Is the Gold Run Over?By Brian Lan, Managing Director, GoldSilver Central Services
Published on September 10, 2021
On 9 August 2021, gold fell by 4.2% to a five-month low (Figure 1). Many wondered if this was a flash crash or if there was manipulation at play. Well, this is in fact what healthy markets do and it all depends on buyers or sellers in the market, and its not unique to gold. There might be a few reasons behind this dip.
Many algorithmic traders might have derived similar sell levels based on their technical models and there might have been hundreds or thousands of sell orders once prices hit their sell limit levels. This dip happened during the early hours of Singapore time, also during the wee hours in Europe and late night in the US. Those who had long positions might have had their positions automatically liquidated due to insufficient margins and as prices go lower, this would be further exacerbated into a downward spiral.
Coincidentally, this price dip happened on public holidays in Singapore and Japan. Singapore was celebrating its National Day and Japan was having a holiday in lieu of its Mountain Holiday. There was more trading activity on Friday the week before as US released better-than-expected non-farm payroll figures. This led many to believe that economic recovery was on the way. This probably led to more traders in Asia to leave sell orders before the market opened on Monday.
There are a number of gold desks in banks located in Singapore and Japan. Due to the holiday, there were probably fewer traders physically on desk or less experienced ones left on desk to handle the trades. Also, expectedly more trades were on the sell side when market opened, coupled with a lack of liquidity in the early hours with fewer market makers during Asia hours, which resulted in a 4.2% dip in the gold price before finding a support level. Gold prices then recovered very quickly within two hours and prices recovered from the low at US$1,680 to US$1,720. (Figure 1).
Figure 1: Gold Price Daily Chart
Figure 2 and table 1 show increased activities (volume and open interest) on these two particular days as compared to other trading days, but they are nothing out of the ordinary. It is also very unlikely there was “manipulation” as many unhappy investors claimed. There were many market participants that contributed to this dip, as opposed to a single big trade by a market player.
Figure 2: Gold futures – Volume and open interestSource: CME Group
The annual seasonal weakness for gold happens during the summer months, which many call the summer doldrums. During this period many family offices, fund managers and traders are on vacation, which means fewer trades executed and hence lesser volatility or price action during this period. Refineries use this period to retool and collect gold dust in their facility as physical demand tends to be lower. As we know, when markets are trading in narrow ranges, not much activity happens and more often than not, investors who are looking for prices to appreciate to make a profit will then lose interest and look at other asset classes to generate their alpha.
Capital will always flow to asset classes that can generate higher returns. This year equity and cryptocurrencies have done well. The S&P has posted 50 new highs this year and a return of about 20% so far. Cryptocurrencies such as bitcoin and ethereum have also done well, with more than 100% returns at their highs. Short-term gold investors were disenchanted as they were expecting gold to hit new highs from what they have seen last year, but prices went persistently lower than the market open on 2 January this year. This probably played a big part in the sell orders we’ve seen, especially when prices fell.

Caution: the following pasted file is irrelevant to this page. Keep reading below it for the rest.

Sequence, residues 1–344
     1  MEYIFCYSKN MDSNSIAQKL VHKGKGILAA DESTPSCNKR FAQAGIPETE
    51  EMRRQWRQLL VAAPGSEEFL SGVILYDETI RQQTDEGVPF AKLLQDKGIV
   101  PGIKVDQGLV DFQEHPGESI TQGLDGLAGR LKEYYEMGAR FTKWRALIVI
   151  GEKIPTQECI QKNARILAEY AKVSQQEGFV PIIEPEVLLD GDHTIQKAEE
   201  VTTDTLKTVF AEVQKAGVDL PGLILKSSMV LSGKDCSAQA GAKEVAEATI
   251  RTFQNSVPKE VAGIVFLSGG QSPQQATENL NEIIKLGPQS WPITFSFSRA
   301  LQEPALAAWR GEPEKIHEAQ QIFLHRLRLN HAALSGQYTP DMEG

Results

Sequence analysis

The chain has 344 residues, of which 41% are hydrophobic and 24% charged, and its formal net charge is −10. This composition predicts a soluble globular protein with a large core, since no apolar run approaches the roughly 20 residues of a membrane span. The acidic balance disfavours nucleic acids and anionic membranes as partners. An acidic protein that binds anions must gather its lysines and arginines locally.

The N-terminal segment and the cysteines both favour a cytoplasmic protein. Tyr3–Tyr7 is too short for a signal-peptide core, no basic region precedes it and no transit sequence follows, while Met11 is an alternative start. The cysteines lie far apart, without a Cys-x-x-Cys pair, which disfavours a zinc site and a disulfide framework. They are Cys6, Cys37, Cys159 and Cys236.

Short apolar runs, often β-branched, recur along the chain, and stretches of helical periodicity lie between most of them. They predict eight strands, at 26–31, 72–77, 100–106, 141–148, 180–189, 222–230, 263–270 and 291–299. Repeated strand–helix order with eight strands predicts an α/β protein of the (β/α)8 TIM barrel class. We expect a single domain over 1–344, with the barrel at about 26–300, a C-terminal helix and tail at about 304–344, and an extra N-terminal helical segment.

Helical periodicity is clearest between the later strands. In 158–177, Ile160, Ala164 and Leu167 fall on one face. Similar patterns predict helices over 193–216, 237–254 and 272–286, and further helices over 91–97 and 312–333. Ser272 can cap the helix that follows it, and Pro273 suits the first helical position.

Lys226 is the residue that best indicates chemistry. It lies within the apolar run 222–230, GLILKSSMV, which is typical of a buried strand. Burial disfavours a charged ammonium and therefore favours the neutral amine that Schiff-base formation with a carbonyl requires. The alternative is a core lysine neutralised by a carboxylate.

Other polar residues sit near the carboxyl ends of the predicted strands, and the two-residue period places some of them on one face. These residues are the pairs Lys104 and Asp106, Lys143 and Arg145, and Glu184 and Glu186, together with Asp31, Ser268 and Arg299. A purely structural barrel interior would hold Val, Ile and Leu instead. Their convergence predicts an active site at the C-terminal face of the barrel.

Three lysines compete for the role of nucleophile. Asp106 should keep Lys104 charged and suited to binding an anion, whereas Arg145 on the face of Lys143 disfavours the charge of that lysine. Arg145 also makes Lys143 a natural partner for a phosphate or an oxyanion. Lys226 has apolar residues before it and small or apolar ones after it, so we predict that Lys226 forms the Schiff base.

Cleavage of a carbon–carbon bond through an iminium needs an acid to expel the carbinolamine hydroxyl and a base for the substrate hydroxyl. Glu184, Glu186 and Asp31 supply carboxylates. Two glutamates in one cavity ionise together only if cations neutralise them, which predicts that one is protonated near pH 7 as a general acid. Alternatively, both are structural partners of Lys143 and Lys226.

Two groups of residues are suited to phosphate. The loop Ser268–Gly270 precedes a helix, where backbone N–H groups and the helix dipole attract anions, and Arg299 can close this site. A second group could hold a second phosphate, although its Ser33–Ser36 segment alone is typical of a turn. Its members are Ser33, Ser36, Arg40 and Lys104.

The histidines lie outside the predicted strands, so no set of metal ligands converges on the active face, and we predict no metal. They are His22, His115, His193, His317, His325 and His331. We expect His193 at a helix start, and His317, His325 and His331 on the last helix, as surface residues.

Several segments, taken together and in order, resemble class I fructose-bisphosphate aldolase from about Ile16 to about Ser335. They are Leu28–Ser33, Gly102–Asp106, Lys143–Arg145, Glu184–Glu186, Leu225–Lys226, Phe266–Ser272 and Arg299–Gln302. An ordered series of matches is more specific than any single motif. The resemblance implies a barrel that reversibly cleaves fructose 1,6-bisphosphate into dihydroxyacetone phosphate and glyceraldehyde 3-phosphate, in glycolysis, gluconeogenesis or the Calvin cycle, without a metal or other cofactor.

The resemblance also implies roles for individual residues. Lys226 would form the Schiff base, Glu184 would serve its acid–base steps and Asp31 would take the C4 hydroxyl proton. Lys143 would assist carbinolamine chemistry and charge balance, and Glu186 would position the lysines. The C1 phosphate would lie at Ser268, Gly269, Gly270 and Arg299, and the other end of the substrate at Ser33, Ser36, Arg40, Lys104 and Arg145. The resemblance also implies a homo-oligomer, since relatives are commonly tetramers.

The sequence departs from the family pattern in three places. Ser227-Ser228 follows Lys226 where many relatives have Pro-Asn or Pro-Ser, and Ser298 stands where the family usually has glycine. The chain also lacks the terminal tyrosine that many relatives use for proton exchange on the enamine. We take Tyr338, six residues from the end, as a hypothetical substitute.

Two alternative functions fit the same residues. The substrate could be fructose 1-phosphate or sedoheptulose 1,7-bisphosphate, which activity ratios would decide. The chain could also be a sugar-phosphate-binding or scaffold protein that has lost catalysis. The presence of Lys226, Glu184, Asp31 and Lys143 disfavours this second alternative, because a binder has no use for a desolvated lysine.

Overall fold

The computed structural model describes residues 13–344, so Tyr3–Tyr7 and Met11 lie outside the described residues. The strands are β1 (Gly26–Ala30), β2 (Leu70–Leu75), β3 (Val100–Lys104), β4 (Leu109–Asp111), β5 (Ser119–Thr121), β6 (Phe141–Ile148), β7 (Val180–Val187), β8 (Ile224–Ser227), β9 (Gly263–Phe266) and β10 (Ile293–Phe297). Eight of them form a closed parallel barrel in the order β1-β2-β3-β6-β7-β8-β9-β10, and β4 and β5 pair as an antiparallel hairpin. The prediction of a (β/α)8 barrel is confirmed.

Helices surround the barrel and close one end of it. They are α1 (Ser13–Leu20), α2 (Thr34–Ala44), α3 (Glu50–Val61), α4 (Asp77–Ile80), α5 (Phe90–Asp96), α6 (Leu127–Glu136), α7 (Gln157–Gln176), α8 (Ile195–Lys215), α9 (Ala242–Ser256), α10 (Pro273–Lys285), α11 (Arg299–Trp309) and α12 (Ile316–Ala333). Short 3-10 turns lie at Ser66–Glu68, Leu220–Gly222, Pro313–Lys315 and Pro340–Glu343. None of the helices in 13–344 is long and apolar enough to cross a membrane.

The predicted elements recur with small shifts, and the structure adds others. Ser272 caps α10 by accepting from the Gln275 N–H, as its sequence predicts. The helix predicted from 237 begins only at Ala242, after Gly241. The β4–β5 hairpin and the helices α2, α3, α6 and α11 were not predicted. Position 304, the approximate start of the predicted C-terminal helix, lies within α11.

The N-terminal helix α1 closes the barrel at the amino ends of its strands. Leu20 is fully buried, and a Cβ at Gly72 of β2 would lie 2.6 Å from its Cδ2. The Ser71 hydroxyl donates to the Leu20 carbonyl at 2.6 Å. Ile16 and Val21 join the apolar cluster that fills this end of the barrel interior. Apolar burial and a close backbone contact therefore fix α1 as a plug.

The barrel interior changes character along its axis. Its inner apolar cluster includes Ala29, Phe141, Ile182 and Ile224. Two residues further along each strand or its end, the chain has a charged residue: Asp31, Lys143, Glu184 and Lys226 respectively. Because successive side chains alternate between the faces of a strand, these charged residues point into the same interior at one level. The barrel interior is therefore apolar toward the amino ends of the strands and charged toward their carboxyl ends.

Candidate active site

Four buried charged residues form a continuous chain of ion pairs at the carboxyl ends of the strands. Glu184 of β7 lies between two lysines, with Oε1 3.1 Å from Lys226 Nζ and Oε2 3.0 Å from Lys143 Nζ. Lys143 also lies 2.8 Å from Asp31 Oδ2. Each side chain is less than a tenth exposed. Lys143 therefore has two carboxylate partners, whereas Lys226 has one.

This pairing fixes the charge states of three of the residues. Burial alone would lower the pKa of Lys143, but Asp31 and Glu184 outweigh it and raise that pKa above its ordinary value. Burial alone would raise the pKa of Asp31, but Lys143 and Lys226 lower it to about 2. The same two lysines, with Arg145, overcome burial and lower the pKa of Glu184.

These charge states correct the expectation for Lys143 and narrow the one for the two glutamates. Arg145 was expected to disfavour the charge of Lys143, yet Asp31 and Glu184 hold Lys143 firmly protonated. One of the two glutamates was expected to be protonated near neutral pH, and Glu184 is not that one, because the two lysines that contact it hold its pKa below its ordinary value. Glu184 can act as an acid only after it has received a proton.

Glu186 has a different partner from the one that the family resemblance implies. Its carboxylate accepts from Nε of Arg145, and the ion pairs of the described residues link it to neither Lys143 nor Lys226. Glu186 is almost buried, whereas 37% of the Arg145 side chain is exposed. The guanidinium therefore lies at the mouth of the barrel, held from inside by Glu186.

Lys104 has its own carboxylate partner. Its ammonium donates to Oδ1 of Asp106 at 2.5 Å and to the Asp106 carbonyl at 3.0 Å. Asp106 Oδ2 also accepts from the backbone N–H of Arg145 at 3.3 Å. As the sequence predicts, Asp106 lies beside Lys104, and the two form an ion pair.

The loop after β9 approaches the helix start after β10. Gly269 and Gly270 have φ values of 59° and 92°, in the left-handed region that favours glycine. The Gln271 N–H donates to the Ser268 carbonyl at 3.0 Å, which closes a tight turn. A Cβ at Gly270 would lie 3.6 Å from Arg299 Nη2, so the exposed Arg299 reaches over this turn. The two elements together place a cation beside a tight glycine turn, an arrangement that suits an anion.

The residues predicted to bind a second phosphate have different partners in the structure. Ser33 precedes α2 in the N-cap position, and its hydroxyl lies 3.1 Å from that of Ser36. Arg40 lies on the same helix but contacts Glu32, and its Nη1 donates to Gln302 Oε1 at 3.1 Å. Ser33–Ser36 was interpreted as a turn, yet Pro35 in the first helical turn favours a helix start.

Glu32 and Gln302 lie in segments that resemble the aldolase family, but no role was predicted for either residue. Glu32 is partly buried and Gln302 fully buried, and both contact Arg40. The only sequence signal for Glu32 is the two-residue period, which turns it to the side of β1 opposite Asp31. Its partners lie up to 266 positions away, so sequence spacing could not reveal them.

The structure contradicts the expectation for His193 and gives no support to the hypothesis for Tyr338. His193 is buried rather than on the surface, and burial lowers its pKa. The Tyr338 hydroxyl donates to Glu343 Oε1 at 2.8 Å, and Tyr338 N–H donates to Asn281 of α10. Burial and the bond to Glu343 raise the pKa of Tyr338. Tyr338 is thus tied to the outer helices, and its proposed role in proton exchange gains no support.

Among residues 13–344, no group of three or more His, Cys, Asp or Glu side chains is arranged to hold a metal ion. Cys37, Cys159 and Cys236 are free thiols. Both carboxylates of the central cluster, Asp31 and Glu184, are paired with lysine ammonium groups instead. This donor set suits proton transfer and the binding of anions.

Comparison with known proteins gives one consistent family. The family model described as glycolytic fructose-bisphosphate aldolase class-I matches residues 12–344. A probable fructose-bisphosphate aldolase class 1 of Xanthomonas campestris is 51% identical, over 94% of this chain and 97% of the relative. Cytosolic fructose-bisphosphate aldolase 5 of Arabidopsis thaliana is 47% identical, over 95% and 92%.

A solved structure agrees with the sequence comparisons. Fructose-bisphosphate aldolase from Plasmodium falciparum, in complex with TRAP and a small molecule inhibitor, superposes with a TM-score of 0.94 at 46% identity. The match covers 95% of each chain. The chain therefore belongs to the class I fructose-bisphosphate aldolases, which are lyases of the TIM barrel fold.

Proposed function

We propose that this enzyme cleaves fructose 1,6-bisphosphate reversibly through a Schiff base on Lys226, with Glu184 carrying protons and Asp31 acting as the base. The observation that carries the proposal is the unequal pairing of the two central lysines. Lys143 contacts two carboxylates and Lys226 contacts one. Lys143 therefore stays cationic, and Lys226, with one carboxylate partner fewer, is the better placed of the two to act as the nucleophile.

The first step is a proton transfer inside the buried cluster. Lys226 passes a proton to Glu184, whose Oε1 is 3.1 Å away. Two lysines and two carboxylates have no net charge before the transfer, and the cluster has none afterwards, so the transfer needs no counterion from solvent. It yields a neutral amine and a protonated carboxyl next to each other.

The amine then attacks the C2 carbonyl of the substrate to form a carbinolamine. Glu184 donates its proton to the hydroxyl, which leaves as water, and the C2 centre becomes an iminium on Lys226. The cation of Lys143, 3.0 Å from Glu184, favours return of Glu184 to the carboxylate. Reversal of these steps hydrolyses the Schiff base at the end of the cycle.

Table 1: Gold futures – Volume and open interestSource: CME Group
It seems like gold will do well during the last quarter, hence I remain bullish on the precious metal. There are three main reasons why I believe gold prices will be supported. First, weak hands have been cleared out by this dip and prices can climb from here. Second, central banks that were not usual buyers have been buying gold in big quantities. For example, Brazil bought 62.3 tonnes, Hungary bought 63 tonnes, Japan bought 80.8 tonnes and Thailand bought 90.2 tonnes this year. Prices they bought into were in the range of US$1,780 to US$1,840, hence we might expect to see more central banks buying into gold at current levels, which would be a good support for gold. Finally, jewellery buying from China and India has picked up sharply compared to last year and as we move into the wedding seasons for both countries, we expect demand to pick up during the last quarter. Coupled with the October Comex Gold roll that will be rolled over to December, we could see an exciting end for gold in 2021.
In Crucible 17, I shared that the premiums for 100 oz. silver bars shot up by 687% in February, exacerbated by the silver squeeze. Currently, supply has more or less caught up with demand and we have seen the easing of premiums, though it is still elevated at 250%. However, ready inventory supply is still not at pre-Covid levels, hence we expect premiums to rise if there is a sharp increase in physical demand.
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